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Review: Wartile

by onJanuary 4, 2018
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I’m not usually one for tactics games because I consider myself a simple (read: dense) man, and so the term ‘tactical’ doesn’t really pique my interest that often. But Wartile also has the word ‘war’ in the title’, so I guess I had to check it out. For the record, Wartile bills itself is a tactical game based around cool-downs, in which you guide a bunch of Vikings.

Now, Wartile is still in early access. Its UI still a little lackluster, and feels like it could have used a little bit of work. You start with some text, dive right into the tutorial, and then you get the hang of it fairly quickly. However, the game is surprisingly polished, and its world of miniature vikings feels dynamic and lifelike. So while it’s still rough around the edges, it does better than a lot of other Early Access titles from the get go

The story is pretty straightforward for the most part. Wartile puts you in the shoes of a villager (wielding an ax and a shield) who decides to go on an adventure … The reason is not 100% clear to me, as the game prefers to keep things a little cryptic. Maybe it’s a divine prophecy, maybe he wanted adventure, maybe he just hates his village; long story short, the reason is something we do not know, but it does not matter. You take your boat (no, no, it’s not a longship) and you sail to a small island.

You find a chest (filled with gold and objects), opponents (that you kill without difficulty – as you are directly in auto-attack mode and against which you can use your special skill) and a goat that you decide to sacrifice to Eir. You engage another warrior (you have the choice between one with a spear and one with an ax and a shield), you distribute the items brought back from the first mission and you leave for a new adventure. Movement depends on the number of movement points your warrior has. The ground is cut into hexagons. You move your character, wait a few seconds for the bar to recharge, and you can move it back.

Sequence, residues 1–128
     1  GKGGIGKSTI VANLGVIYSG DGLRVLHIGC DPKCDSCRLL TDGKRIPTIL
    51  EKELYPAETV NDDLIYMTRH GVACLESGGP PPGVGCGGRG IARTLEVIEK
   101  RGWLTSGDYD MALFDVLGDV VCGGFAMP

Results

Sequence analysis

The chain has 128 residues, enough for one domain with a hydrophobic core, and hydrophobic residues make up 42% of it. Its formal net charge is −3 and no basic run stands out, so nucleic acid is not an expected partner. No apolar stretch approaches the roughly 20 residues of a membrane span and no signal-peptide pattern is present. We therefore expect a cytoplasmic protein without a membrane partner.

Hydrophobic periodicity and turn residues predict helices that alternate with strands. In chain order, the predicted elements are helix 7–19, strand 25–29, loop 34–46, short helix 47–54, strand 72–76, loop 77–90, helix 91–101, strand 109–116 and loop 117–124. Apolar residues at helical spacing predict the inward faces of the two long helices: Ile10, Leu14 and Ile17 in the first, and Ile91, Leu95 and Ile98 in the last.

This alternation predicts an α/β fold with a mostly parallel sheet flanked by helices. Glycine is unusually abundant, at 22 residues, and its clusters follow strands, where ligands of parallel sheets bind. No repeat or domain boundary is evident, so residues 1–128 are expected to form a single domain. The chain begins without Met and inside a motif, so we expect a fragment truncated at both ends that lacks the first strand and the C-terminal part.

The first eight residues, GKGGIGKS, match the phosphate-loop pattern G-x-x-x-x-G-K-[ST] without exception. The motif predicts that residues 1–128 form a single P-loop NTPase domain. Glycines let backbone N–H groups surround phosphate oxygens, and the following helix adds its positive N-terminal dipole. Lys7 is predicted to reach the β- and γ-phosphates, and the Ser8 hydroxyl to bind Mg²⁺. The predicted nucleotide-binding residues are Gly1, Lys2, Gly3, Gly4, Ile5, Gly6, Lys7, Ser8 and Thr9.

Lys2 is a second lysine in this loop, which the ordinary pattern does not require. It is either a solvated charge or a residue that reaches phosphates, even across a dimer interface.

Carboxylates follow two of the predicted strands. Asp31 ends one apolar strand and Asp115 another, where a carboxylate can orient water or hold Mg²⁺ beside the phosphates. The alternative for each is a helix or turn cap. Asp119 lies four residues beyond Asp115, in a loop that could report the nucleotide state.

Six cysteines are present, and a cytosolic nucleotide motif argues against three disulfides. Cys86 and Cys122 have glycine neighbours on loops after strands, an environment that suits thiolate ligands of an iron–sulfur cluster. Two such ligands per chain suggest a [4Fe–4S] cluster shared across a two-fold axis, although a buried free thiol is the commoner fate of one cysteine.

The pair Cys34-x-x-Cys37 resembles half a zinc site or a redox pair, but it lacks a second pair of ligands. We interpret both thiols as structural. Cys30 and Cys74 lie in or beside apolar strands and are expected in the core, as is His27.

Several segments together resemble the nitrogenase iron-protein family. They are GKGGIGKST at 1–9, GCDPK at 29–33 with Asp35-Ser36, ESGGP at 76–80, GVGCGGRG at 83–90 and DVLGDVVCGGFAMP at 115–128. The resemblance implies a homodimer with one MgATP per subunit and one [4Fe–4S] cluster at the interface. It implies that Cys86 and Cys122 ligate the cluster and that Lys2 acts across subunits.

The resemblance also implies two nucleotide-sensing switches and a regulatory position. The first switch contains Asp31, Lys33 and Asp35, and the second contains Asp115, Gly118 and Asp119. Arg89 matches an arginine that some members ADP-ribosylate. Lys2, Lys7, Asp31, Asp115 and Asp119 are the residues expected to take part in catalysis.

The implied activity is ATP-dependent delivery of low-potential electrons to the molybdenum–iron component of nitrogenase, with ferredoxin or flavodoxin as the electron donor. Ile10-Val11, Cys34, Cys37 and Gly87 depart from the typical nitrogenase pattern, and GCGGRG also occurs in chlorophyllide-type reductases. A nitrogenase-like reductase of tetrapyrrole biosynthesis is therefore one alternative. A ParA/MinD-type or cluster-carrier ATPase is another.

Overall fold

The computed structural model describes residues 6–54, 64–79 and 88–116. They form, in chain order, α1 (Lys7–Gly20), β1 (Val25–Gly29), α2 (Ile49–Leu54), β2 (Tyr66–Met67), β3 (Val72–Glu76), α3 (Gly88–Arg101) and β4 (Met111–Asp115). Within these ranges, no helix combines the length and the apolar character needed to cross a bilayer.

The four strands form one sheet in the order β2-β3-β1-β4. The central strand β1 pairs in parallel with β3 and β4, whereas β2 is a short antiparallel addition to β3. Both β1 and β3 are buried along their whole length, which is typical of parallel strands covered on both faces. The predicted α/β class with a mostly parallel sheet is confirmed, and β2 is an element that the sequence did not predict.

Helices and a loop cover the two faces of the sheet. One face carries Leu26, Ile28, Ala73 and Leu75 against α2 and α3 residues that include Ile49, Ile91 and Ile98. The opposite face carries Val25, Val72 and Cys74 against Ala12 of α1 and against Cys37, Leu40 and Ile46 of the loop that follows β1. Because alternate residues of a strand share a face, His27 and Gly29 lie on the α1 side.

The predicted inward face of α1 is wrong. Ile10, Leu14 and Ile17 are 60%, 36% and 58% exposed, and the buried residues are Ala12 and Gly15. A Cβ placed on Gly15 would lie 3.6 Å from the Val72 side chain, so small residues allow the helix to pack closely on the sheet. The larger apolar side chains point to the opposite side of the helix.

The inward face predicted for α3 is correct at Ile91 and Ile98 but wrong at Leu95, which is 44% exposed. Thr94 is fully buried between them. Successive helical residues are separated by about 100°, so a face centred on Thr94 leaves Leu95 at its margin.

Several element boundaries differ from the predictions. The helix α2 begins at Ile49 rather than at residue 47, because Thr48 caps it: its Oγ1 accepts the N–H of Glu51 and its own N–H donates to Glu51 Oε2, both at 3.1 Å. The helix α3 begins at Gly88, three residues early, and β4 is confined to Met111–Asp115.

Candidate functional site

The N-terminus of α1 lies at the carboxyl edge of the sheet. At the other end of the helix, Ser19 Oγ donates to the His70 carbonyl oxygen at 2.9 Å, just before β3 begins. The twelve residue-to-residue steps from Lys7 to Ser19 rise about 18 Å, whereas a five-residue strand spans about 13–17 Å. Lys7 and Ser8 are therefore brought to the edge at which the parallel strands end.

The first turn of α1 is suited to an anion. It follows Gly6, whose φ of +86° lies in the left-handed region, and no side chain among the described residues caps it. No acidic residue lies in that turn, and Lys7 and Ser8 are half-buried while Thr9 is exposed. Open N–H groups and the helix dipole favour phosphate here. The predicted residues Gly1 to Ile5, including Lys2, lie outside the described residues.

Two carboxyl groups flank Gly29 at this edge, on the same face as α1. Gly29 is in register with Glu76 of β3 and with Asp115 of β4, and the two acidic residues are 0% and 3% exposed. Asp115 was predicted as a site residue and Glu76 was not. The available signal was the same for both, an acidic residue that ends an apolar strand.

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The enemies are smart. When they see you, they darken, finally, they move towards you to attack you. The good idea, since there is no time limit, is to position yourself in height (and yes, bonus attack and defense when your character is in height) and wait for the opponent s ‘approach. You can then massacre him. Both attack and defense are automatic, you have nothing to do except move your character or use his talents (in the form of cards).The same thing for chests, you do not have to pick them, you get everything automatically. However, you can only equip yourself in the village.

Wartile is without a doubt an excellent independent game. I love this style of play and I took a lot of fun to find out. I look forward to seeing his final version with more warriors and more adventures. I hope there will also be more talent and more objects.

If you are a fan of tactical games, if you (positively) root for the Vikings, if an early access (but playable) does not discourage you, if you like when a game is superbly done, then look for your wallet. The game, Wartile, is waiting for you in the Steam store, buying it is a good thing for you but also for the studio, have fun!

Wartiles was reviewed using a PC downloadable code of the game provided by Deck 13 Interactive. The review was tested on a PC running Windows 10, with an 8GB NVIDIA Geforce GTX 1070 fitted on a 4th Generation Intel i7 4790 3.6Ghz CPU and topped with 16GB of RAM. We don’t discuss review scores with publishers or developers prior to the review being published.

What we liked

• Rich visuals with a board game aesthetic
• Creative take on the Viking theme
• Clever AI

What is not fun

• Loot management is a little cumbersome
• Some sections are repetitive
• UI feels uninspired

Editor Rating
 
Concept
8.5

 
Graphics
8.4

 
Sound
7.8

 
Playability
8.2

 
Entertainment
7.8

 
Replay Value
8.0

Final Score
8.1


Our final verdict
 

Wartile takes on the familiar Viking setting and mixes it with classic tabletop and strategy mechanics. It’s got an intuitive system that doesn’t get complicated over time, and a solid loot setup. Even if you’re not a big fan of tactical games, Wartile is worth a spin.

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